Lion… a movie that needs to be seen more than once in order to remove the Hollywood feel of “a feel good movie.”

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The movie opens with a landscape that is absolutely beautiful and after about 5 minutes of worshiping the sky and the air, and the general landscape, it cuts to utter poverty.

Like the push and pull factor, this movie finds its way into the heart of a prospective adoptive parent, stays in the heart of an adoptive parent but causes the heart of an adoptee to just break in so many ways.

There is a push to watch the movie because of all the hype it has received. There is an expectation to engage in this billion dollars industry if you want to really “make a difference” in the world. There is this sense of urgency to see, read and better understand the experience of a boy who got lost…and then was found.

Lion-the untamed bossy cat that is aggressive but also meant to protect. The beast that reigns supreme in a world, and with its valient roar, can calm the mighty seas.

This is the adoption industry. It IS the Lion and so it is no wonder the movie was named in this way.

The book The Long Way Home details the story of a five year old boy who gets lost on a train platform after begging his brother to take him to work with him. The boy spends a few months on the streets before being solicited and eventually landing in a children’s home that was not safe. A woman informs the boy that he will have a better life in Australia and that the home he was in was not fit for children like him.

He is taken to Australia and raised by a white couple who loves the idea of him. The mother dreamed of this moment where she would hold a brown boy. She could have kids of her “own” but because the world was overpopulated, giving a child in need a home was her focus.

Heroic right?

Savioristic? Maybe!

A selfless act? No.

As the movie progresses, it is fixated on how “bad” things were for Saroo. There is no highlight of the positive aspects of Calcutta, maybe because the movie was never meant to be for adoptees, but instead for adoptive parents.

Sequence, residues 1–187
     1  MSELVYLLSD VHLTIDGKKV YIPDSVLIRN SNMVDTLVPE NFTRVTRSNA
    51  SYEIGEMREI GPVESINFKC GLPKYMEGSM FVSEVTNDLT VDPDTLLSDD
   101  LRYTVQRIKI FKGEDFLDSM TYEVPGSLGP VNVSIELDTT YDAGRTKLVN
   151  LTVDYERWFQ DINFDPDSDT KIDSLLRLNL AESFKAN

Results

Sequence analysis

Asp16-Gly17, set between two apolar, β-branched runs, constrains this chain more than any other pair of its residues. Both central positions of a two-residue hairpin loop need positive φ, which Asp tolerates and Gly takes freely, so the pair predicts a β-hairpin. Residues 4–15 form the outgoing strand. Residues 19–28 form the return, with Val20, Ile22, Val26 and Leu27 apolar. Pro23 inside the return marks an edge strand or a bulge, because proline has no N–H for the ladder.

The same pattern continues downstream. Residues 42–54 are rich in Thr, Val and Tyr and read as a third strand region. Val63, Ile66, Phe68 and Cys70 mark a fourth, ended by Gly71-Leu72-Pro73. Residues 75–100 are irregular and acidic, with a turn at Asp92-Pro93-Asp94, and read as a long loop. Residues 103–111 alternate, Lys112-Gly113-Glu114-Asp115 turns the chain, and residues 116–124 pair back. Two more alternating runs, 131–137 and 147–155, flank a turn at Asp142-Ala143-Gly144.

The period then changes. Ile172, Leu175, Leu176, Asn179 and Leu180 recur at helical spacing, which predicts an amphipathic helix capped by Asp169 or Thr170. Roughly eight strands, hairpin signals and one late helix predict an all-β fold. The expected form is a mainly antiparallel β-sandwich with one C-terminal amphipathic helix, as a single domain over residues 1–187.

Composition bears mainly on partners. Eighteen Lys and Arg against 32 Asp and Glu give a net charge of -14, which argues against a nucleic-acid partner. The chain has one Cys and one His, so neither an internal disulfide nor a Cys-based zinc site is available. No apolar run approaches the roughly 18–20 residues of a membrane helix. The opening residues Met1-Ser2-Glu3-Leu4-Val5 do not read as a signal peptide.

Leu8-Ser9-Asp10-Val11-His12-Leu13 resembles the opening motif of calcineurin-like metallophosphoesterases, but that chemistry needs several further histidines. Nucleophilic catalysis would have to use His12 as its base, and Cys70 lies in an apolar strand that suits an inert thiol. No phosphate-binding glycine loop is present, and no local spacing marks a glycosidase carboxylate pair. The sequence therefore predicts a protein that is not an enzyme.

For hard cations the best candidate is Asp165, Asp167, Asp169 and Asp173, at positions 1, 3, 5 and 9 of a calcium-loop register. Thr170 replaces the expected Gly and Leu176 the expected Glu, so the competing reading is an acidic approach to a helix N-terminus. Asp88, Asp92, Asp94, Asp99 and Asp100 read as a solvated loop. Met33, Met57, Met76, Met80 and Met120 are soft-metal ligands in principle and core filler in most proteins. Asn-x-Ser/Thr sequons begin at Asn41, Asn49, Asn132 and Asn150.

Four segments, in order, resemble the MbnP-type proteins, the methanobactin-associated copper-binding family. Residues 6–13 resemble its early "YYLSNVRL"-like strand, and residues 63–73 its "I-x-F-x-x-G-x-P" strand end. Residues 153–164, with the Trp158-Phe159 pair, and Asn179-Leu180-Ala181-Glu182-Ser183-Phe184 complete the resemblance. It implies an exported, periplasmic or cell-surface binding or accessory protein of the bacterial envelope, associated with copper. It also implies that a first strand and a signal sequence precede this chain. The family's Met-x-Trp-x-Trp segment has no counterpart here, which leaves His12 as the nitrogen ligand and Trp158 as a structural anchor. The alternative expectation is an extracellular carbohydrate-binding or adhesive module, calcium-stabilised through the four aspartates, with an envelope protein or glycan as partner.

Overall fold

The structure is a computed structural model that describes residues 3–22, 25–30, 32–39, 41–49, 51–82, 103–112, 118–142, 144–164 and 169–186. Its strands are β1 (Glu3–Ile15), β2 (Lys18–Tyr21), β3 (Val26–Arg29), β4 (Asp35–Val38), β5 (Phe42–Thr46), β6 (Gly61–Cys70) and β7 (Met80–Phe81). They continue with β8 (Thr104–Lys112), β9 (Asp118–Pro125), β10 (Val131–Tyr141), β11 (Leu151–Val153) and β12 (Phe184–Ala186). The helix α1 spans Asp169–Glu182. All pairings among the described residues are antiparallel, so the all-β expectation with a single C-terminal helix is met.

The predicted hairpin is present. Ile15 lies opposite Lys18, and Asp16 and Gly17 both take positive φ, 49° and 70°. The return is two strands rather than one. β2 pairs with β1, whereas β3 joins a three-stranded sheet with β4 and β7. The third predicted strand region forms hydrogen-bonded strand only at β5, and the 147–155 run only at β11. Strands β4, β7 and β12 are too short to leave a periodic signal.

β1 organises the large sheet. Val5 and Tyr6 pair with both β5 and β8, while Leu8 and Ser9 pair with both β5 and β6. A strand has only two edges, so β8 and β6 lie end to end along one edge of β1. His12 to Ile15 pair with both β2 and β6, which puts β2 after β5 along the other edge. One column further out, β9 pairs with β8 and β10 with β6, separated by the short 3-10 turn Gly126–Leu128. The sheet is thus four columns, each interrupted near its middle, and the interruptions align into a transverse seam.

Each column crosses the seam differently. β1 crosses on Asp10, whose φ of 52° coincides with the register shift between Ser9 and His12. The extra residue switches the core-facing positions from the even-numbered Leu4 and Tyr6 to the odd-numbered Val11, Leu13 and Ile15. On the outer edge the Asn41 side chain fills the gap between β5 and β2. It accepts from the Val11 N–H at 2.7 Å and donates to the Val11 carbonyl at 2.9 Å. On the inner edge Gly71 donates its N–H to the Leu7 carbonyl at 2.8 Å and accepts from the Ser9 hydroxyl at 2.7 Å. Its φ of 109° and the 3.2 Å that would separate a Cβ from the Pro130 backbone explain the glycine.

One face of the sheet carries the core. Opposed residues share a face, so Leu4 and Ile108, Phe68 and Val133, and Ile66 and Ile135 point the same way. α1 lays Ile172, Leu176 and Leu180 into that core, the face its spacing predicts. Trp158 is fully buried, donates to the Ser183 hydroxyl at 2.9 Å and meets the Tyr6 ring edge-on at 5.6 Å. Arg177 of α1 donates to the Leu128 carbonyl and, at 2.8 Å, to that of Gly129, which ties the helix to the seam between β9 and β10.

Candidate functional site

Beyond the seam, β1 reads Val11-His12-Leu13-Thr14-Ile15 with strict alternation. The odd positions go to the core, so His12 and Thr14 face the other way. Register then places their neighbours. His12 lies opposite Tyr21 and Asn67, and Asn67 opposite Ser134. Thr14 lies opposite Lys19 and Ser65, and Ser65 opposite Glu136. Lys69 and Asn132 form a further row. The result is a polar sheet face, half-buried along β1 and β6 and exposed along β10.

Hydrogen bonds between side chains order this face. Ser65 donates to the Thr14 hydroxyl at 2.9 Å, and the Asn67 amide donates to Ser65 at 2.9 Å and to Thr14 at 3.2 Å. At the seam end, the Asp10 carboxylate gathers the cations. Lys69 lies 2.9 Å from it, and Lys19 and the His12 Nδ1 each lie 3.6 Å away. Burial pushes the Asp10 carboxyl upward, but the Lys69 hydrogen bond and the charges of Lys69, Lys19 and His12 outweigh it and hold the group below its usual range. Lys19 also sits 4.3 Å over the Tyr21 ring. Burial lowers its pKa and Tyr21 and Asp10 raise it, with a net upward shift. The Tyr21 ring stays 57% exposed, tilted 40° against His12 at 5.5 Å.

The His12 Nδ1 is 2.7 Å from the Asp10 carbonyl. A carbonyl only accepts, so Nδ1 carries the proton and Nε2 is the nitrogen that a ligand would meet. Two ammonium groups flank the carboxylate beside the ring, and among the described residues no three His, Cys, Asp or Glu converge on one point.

The movie is filmed more from the perspective of the agency and adoptive parent. The visual it gives you is that because of the HORRIBLE situation, adoption was necessary. There was really no attempt to remedy the situation. The scene where Saroo and Gudu leave broke my heart. Gudu had such a close relationship with his brother but both decided it would be ok to leave their three year old sister behind. There was no mention of why they left their sister, or whether the mother would return before they left.

That scene would leave a victim of sexual assault very uncomfortable.

The movie was meant to pull at the heartstrings of those who had already adopted and heard about the tough conditions their kids came from, and for those who are thinking about adopting. Giving this image of poverty and how one can “lift someone out” of poverty is what draws attention to what we call in the adoption world-guilt. Why can some be saved and not others? Why can some have a better life, and not the others?

Who should I love more?

At the home, Saroo asks the case worker several times if they had found his mom. She assures him that they did the best they could and that no one stepped up.

As a victim of trafficking, I know that there is no way this could be true. A mother who loses their child does not stop looking. Ever.